parseInt vs unary plus - when to use which


What are the differences between this line:

var a = parseInt("1", 10); // a === 1

and this line

var a = +"1"; // a === 1

This jsperf test shows that the unary operator is much faster in the current chrome version, assuming it is for node.js!?

If I try to convert strings which are not numbers both return NaN:

var b = parseInt("test" 10); // b === NaN
var b = +"test"; // b === NaN

So when should I prefer using parseInt over the unary plus (especially in node.js)???

edit: and what's the difference to the double tilde operator ~~?

Please see this answer for a more complete set of cases




Well, here are a few differences I know of:

  • An empty string "" evaluates to a 0, while parseInt evaluates it to NaN. IMO, a blank string should be a NaN.

    +'' === 0;              //true
    isNaN(parseInt('',10)); //true
    
  • The unary + acts more like parseFloat since it also accepts decimals.

    parseInt on the other hand stops parsing when it sees a non-numerical character, like the period that is intended to be a decimal point ..

    +'2.3' === 2.3;           //true
    parseInt('2.3',10) === 2; //true
    
  • parseInt and parseFloat parses and builds the string left to right. If they see an invalid character, it returns what has been parsed (if any) as a number, and NaN if none was parsed as a number.

    The unary + on the other hand will return NaN if the entire string is non-convertible to a number.

    parseInt('2a',10) === 2; //true
    parseFloat('2a') === 2;  //true
    isNan(+'2a');            //true
    
  • As seen in the comment of @Alex K., parseInt and parseFloat will parse by character. This means hex and exponent notations will fail since the x and e are treated as non-numerical components (at least on base10).

    The unary + will convert them properly though.

    parseInt('2e3',10) === 2;  //true. This is supposed to be 2000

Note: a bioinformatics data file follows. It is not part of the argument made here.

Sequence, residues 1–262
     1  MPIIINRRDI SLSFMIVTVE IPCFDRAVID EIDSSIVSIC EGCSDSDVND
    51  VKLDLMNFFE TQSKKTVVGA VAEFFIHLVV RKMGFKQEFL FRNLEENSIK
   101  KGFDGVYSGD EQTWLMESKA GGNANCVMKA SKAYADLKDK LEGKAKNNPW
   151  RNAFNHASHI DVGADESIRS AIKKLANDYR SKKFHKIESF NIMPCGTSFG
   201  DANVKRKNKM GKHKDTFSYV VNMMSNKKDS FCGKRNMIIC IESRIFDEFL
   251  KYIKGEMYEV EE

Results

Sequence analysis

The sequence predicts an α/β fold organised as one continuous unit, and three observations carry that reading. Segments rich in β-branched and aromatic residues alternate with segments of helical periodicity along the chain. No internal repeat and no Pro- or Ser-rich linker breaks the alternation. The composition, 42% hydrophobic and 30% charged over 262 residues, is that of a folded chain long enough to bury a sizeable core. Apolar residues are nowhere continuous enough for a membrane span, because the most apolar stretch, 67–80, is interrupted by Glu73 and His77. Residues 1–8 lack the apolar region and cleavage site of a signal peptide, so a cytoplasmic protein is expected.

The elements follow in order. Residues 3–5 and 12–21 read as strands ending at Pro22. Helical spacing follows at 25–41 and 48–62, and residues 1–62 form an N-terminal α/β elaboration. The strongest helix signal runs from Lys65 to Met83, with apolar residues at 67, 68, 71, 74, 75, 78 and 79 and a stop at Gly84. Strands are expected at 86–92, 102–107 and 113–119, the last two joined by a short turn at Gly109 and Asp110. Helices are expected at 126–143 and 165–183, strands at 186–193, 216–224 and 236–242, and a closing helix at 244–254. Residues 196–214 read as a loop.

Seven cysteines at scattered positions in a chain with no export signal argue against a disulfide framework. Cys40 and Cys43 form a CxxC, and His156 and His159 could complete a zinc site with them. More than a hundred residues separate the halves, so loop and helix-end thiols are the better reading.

+'2e3' === 2000;           //true. This one's correct.
    
    parseInt("0xf", 10) === 0; //true. This is supposed to be 15
    +'0xf' === 15;             //true. This one's correct.
    

The ultimate whatever-to-number conversion table: Conversion table

EXPRS = [
    'parseInt(x)',
    'parseFloat(x)',
    'Number(x)',
    '+x',
    '~~x',
    'x>>>0',
    'isNaN(x)'

];

VALUES = [
    '"123"',
    '"+123"',
    '"-123"',
    '"123.45"',
    '"-123.45"',
    '"12e5"',
    '"12e-5"',
    
    '"0123"',
    '"0000123"',
    '"0b111"',
    '"0o10"',
    '"0xBABE"',
    
    '"4294967295"',
    '"123456789012345678"',
    '"12e999"',

    '""',
    '"123foo"',
    '"123.45foo"',
    '"  123   "',
    '"foo"',
    '"12e"',
    '"0b567"',
    '"0o999"',
    '"0xFUZZ"',

    '"+0"',
    '"-0"',
    '"Infinity"',
    '"+Infinity"',
    '"-Infinity"',

    'null',
    'undefined',
    'true',
    'false',
    'Infinity',
    'NaN',

    '{}',
    '{valueOf: function(){return 42}}',
    '{toString: function(){return "56"}}',

];

//////

function wrap(tag, s) {
    if (s && s.join)
        s = s.join('');
    return '<' + tag + '>' + String(s) + '</' + tag + '>';
}

function table(head, rows) {
    return wrap('table', [
        wrap('thead', tr(head)),